SingaporeMotherhood | Pregnancy
The ART of Making Babies
On 25 July 1978, Louise Joy Brown, better known as the world’s first test-tube baby, was born. She was the result of an experimental procedure called in vitro fertilisation (IVF), where doctors joined her mother’s egg and her father’s sperm in a glass dish in a laboratory. This was the very first time conception had taken place outside a woman’s body.
With medical technology having since advanced by leaps and bounds, couples facing fertility problems can now take advantage of not just IVF, but several assisted conception treatments tailored to each unique condition.
These procedures come under the umbrella term of Assisted Reproduction Technology – ART for short – and are usually paired with more conventional therapies such as fertility drugs to increase success rates.
Worldwide, almost one out of every three cycles of ART results in the birth of a baby for women under 35. In spite of this, many doctors usually recommend ART as a last resort, rather than a default go-to. They prefer to assist couples in exploring other assisted conception treatments first, as ART procedures are invasive, stressful, and expensive.
Janis Heng, 36, went through three rounds of ART between December 2010 and March 2012 – two IVF procedures with one IVM (in vitro maturation) treatment in between.
The procedures were not easy to endure. “I really dreaded having needles poking into my tummy. Because of too many follicles in my ovaries, my tummy became bloated and this made poking in the needles even more difficult,” the business executive shares.
But the hardest part was the two-week wait for results. “The emotional highs and lows were tough and took a while to get over,” Janis recalls.
Much depends on the age of the woman. Women aged below 35 have up to 40 per cent chance of conception with IVF. For those above 40 years, success rates fall to around 10 per cent.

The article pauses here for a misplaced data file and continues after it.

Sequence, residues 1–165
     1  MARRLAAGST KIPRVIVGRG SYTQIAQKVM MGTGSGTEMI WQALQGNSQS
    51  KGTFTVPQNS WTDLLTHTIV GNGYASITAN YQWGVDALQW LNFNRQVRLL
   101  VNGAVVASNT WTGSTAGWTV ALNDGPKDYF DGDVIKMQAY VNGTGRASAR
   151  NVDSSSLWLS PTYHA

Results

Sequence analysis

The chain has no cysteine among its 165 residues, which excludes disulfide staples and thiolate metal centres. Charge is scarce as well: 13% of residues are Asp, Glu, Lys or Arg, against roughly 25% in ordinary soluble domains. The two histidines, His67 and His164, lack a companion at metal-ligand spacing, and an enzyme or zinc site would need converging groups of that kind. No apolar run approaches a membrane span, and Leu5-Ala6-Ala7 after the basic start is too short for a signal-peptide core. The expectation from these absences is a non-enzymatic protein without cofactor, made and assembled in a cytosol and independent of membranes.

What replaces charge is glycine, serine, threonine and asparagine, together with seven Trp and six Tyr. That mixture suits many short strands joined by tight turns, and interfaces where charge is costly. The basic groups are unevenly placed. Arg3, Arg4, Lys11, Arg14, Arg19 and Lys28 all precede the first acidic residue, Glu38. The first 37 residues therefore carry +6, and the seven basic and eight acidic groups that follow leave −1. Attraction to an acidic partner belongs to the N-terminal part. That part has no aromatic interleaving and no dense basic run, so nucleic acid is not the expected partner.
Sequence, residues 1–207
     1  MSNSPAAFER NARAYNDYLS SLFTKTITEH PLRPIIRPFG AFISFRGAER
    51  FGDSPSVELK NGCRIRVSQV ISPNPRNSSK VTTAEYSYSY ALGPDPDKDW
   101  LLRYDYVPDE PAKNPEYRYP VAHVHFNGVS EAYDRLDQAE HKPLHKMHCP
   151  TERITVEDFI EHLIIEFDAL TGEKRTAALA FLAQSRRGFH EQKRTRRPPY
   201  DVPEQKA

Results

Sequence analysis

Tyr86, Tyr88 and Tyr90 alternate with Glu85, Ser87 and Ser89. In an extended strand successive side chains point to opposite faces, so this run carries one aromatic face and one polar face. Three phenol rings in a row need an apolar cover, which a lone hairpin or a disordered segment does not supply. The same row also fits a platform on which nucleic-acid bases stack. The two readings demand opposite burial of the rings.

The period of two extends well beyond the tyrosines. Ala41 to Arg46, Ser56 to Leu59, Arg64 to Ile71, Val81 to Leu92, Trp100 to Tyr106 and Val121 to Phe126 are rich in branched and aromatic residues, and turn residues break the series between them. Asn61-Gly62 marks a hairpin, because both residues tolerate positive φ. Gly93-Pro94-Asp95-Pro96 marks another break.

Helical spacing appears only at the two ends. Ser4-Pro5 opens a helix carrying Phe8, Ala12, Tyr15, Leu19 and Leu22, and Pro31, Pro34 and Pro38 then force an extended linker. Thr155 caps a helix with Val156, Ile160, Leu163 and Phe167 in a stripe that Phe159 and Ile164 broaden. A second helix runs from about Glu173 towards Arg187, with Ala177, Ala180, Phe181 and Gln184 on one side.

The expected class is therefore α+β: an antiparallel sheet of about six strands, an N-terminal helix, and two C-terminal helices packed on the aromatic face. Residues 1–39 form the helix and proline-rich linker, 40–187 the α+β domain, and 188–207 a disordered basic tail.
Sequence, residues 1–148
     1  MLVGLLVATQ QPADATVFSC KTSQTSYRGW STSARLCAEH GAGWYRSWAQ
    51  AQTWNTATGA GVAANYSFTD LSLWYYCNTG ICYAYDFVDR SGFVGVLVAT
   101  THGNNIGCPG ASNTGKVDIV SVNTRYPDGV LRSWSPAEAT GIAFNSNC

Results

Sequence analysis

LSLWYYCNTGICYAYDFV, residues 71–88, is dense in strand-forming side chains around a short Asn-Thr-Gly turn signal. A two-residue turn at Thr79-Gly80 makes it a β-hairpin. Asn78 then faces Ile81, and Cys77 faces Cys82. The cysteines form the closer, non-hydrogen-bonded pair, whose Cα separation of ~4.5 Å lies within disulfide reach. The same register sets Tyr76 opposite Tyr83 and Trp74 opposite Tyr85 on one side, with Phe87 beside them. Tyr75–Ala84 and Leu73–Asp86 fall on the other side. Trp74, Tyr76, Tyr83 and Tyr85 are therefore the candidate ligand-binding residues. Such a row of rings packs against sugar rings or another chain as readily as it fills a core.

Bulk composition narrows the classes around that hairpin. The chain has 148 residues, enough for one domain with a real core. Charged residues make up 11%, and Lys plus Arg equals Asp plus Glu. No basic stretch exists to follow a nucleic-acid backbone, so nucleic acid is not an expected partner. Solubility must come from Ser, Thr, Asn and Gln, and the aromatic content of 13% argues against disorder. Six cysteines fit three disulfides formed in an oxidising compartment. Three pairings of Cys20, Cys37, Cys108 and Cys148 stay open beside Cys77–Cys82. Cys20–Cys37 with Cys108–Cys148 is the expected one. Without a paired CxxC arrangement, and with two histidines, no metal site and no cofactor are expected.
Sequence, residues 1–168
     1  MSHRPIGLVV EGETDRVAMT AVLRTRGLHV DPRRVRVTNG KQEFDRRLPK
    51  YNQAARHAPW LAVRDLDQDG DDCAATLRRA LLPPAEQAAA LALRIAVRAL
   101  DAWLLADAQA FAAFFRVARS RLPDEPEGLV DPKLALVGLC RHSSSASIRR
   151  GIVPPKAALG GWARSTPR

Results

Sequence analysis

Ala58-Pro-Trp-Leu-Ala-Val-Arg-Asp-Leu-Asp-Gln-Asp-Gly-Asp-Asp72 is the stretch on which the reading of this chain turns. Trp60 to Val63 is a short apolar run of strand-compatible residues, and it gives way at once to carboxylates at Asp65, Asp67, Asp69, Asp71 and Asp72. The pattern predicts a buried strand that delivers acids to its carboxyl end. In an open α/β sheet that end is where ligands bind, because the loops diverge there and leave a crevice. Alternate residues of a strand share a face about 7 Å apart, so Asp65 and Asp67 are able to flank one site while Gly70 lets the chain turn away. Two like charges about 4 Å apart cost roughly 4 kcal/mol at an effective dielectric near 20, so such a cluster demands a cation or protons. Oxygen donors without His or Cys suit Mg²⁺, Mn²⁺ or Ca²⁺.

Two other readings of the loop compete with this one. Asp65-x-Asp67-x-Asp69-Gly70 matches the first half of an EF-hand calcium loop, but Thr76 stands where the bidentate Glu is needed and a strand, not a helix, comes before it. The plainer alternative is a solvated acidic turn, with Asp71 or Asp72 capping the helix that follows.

Dr Stephen Chew, Senior Consultant at the National University Hospital (NUH) Women’s Centre, observes: “We are seeing more patients above 35 years old seeking ART services; this has increased by approximately 10 per cent in the last 10 years. We are also seeing more women seeking IVF in particular. In fact, there has been a six per cent increase in initiated cycles the last three years.”
Dr Chew continues, “Although this is a trend as more women marry older and delay child-bearing, this does hamper our ability to help our patients achieve their desired pregnancy, as IVF results are very much tied to the age of the woman. A woman’s ‘biological clock’ and eggs age with time; this will impact her chances of pregnancy.”
For those trying to conceive, Dr Chew advises, “If you do not fall pregnant after one year of trying, start seeking help. Fertility treatment should be started early to avoid disappointment and for a better success rate. Similarly, undue delays can impact your ultimate chances of a successful pregnancy.”
Here is a general guide to the various techniques used in ART and other assisted conception treatment options.
A woman is treated with fertility drugs to regulate her reproductive hormones and trigger the release of eggs during her ovulation cycle. While this is typically the first line of action because it is the least invasive, fertility drugs are also used in conjunction with most other assisted conception treatments.
Women exploring fertility treatment for the first time .
The drugs can cause side effects such as headaches, cramping, bloating and Ovarian Hyperstimulation Syndrome (OHSS), and increase the odds of multiple births.
20% – 60%. Most women use fertility drugs for three to six months. If they do not conceive with this, they will go on to explore other treatments.
Intrauterine insemination (IUI)
The most commonly used method of artificial insemination. Around the time of her ovulation, a concentrated dose of her partner’s sperm is injected into woman’s uterus using a fine catheter. This places the sperm close to the egg and raises the chance of fertilisation. Fertility drugs may be used before the procedure.
Women with unreceptive cervical mucus; men with poor sperm motility.